[2.] Continuance in well-doing. We must continue this care of pleasing God in all the duties he hath required of us to the end: Luke i. 75, ‘In holiness and righteousness before him all the days of our lives.’ In a journey it is not sufficient to go a mile or two, but we must hold on our course to the journey’s end; so we must never give over well-doing while we are in the world. Some are good for a pang or fit; but, ‘Oh, that they had a heart to fear me, and keep my commandments always!’ Deut. v. 20. The law bindeth continually, and grace planted in the heart should influence all our actions. God’s eye is always upon us, and we are every hour and moment anew obliged to him for his benefits; therefore our duty should last till we attain our end, lest we lose our crown, and the benefit of all we have done already. There are always the same reasons for going on that there were for beginning at first; the same bond of duty lieth upon you, the same hopes are laid before you, the same helps and encouragements, and there can be no temptation great enough to recompense this loss of glory, and honour, and immortality.
3. The manner of pursuit, with diligence and patience.
[1.] Diligence, ‘They seek it,’ which implieth not only a hearty desire, but an earnest endeavour: ‘First seek the kingdom of God,’ Mat. vi. 33, that is, with such an affection as is not controlled by other affections; this must be their chief business, all must give way to this. Many desire this glory, but they are soon put out of the humour, and take up with the pleasures, honours, vain delights, and profits of the world. Surely if we heartily desire it, something must be done in order thereunto, and done with all our might: John vi. 27, ‘Labour not for the meat that perisheth, but for the meat which endureth to everlasting life;’ Phil. ii. 12, ‘Work out your salvation with fear and trembling;’ Phil. iii. 14, ‘Press towards the mark.’ You will never come to the enjoyment of this happiness with idleness and cold wishes; we must desire it so as to labour after it in the first place. Many do something, but it is little or nothing to the purpose; the strength of their endeavours runs in another channel. It may be they pray for it, but do not live, accordingly.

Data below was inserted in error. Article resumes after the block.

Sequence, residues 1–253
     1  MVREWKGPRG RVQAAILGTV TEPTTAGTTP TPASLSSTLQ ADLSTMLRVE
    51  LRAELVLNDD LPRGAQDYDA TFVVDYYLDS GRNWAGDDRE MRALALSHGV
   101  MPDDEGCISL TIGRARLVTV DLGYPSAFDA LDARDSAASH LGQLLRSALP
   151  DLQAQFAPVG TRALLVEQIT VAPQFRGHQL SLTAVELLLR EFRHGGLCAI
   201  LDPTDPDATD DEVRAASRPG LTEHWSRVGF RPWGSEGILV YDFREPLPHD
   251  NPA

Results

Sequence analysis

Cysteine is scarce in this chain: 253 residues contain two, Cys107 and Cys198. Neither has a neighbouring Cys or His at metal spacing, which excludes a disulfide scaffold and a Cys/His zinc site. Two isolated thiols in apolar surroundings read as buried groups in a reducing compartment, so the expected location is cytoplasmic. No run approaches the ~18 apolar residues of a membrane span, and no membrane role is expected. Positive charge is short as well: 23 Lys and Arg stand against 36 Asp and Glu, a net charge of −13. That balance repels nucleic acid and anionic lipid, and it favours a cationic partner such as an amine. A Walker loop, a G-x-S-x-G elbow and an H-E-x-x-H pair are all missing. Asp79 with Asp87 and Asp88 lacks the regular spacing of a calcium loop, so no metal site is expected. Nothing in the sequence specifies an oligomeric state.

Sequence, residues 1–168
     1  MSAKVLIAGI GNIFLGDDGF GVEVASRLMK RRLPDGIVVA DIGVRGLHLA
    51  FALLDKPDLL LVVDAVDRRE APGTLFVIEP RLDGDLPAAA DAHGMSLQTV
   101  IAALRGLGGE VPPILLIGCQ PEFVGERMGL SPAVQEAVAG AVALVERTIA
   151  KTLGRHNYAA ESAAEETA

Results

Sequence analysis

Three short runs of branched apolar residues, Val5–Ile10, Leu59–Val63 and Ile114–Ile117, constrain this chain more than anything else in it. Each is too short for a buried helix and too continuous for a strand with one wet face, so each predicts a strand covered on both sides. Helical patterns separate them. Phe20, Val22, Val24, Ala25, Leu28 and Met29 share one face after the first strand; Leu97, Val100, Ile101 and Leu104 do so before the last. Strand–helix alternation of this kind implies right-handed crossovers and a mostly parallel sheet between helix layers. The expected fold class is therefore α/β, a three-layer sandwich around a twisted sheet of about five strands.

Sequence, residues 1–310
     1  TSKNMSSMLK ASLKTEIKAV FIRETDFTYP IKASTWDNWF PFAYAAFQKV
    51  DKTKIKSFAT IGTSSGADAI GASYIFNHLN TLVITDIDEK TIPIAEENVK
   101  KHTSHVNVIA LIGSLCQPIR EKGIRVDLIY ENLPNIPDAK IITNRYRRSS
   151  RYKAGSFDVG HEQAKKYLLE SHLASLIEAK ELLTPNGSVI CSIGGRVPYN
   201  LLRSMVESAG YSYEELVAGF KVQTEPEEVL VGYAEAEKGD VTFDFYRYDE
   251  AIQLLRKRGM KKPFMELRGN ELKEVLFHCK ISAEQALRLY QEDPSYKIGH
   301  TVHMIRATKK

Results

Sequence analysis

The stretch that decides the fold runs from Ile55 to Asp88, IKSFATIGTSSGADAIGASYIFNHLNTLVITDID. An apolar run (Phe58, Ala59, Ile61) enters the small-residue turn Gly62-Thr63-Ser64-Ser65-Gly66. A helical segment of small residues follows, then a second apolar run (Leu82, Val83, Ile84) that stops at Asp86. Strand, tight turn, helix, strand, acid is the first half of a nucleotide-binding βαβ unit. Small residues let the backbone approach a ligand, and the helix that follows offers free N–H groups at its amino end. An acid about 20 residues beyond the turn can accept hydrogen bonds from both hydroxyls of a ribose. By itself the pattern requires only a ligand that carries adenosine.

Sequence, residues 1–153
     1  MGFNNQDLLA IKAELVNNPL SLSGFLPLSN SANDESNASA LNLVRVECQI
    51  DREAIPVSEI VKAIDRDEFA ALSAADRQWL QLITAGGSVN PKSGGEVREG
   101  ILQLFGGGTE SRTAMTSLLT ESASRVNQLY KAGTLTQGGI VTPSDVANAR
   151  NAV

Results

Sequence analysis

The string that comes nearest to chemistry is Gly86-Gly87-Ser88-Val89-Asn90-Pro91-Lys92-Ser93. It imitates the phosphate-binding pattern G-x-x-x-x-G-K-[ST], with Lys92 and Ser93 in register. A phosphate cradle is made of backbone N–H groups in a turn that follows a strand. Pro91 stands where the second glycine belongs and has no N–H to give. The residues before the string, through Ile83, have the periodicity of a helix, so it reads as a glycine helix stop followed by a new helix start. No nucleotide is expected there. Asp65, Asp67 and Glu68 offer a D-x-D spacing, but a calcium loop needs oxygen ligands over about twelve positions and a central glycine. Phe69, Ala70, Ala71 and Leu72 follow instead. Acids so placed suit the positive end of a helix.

[2.] With patience, enduring all the hardships and difficulties that we meet with by the way. The good ground is described to be the good and honest heart, ‘That bringeth forth fruit with patience,’ Luke viii. 15. The other grounds brought forth fruit, but they did not bring forth fruit with patience; the stony ground was impatient of afflictions, the thorny ground impatient of the delay of the reward. They that have a deep sense of the other world can tarry God’s leisure: Heb. vi. 12, ‘Be ye followers of them who, through faith and patience, inherit the promises.’ Many troubles and dangers will attend a holy course, loss of estate, slanders of the wicked, hazards of life; but all these things we must endure, and submit to our trial, else our faith will never be found to praise and honour.
Secondly, It is applied to the Thessalonians, ‘Because our testimony among you was believed.’ As if he had said, Among which number I assuredly place you; that which is said of all believers belongeth to you; for you are of that number, for you have believed our testimony.
Doct. That those that truly and sincerely believe the apostle’s testimony 279concerning God’s good-will to sinners in Christ, are sure to have the honour and glory which he will bestow upon his servants at the last day.
To explain this point to you.